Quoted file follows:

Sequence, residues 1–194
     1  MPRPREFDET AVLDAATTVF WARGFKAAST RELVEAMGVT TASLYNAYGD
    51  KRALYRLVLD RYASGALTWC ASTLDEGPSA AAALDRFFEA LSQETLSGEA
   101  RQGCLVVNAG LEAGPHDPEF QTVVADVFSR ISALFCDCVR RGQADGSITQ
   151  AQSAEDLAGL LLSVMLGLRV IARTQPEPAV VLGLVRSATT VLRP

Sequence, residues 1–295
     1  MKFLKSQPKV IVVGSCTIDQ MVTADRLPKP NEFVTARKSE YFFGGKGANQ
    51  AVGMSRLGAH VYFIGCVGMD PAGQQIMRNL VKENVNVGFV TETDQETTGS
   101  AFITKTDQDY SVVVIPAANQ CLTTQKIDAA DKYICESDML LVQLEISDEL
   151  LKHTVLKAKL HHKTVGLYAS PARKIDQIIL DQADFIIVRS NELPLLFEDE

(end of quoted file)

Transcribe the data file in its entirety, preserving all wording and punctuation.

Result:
Sequence, residues 1–194
     1  MPRPREFDET AVLDAATTVF WARGFKAAST RELVEAMGVT TASLYNAYGD
    51  KRALYRLVLD RYASGALTWC ASTLDEGPSA AAALDRFFEA LSQETLSGEA
   101  RQGCLVVNAG LEAGPHDPEF QTVVADVFSR ISALFCDCVR RGQADGSITQ
   151  AQSAEDLAGL LLSVMLGLRV IARTQPEPAV VLGLVRSATT VLRP

Sequence, residues 1–295
     1  MKFLKSQPKV IVVGSCTIDQ MVTADRLPKP NEFVTARKSE YFFGGKGANQ
    51  AVGMSRLGAH VYFIGCVGMD PAGQQIMRNL VKENVNVGFV TETDQETTGS
   101  AFITKTDQDY SVVVIPAANQ CLTTQKIDAA DKYICESDML LVQLEISDEL
   151  LKHTVLKAKL HHKTVGLYAS PARKIDQIIL DQADFIIVRS NELPLLFEDE